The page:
Scottish Government announces plans for more transparency on land ownership

Scottish Government announces plans for more transparency on land ownership

Mairi McAllan

Communities and individuals will soon have access to information to enable them to find out who has a controlling interest in Scotland’s land.

As part of its long-running commitment to improving transparency of land ownership, the Scottish Government is introducing a new Register of Persons Holding a Controlled Interest (RCI) in land on 1 April 2022.

This public register provides key information about those who ultimately make decisions about the management or use of land, even if they are not necessarily registered as the owner, including overseas entities and trusts.

The information will enable individuals and communities to identify and engage with those who make decisions about land that affects them.

Environment and land reform minister, Mairi McAllan said: “The launch of this new register marks a significant milestone in making land ownership in Scotland more transparent. I want to ensure that there can no longer be categories of landowner or tenant where, intentionally or otherwise, control of decision-making is obscured, including in or via overseas trusts or entities.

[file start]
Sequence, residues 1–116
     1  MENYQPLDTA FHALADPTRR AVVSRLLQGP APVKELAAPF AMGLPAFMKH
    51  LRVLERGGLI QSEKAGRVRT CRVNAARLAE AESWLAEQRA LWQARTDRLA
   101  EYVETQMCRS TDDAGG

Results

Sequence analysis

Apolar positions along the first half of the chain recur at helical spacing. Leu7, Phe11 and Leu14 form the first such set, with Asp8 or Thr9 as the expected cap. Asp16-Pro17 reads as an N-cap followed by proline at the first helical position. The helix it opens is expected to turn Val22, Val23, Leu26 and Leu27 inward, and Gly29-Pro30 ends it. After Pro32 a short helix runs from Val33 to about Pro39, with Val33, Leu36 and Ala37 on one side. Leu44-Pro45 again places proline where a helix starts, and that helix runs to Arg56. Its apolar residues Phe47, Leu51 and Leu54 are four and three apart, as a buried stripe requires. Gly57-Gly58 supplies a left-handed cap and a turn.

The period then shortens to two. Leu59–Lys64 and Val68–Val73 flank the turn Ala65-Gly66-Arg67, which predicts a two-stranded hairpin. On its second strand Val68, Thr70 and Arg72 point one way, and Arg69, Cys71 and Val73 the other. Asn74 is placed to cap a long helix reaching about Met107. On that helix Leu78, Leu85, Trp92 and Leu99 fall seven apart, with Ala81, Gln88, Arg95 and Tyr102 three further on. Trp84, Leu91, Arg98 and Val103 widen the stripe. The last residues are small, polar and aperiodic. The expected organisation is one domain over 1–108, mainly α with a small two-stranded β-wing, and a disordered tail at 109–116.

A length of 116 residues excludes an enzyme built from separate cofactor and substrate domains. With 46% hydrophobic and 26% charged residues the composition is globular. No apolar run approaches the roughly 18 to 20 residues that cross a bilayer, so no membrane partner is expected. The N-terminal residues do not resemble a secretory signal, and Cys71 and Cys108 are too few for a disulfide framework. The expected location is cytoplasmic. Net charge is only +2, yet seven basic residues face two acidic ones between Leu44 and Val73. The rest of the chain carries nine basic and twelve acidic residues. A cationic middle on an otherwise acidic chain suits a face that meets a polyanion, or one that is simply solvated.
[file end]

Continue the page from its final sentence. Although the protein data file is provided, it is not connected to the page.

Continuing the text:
“Scotland has a long history of land reform and this journey to make the ownership and use of our land and assets fairer marches on.

“The new register will make Scotland a frontrunner in Europe and deliver greater transparency than any other part of the UK. It enables the public to look behind land ownership and identify those who ultimately make decisions.

“We have committed to bring forward a new Land Reform Bill over the course of this parliament which will further tackle Scotland’s historically iniquitous patterns of land ownership and use.”

Keeper of the Registers of Scotland Jennifer Henderson, added: “Registers of Scotland are delighted to have been given the responsibility to establish and maintain the Register of Persons Holding a Controlled Interest in Land. The register will become a valuable source of information and bring greater transparency of who makes decisions about the country’s land and property.

“It will deliver valuable insight to citizens and communities across Scotland.”

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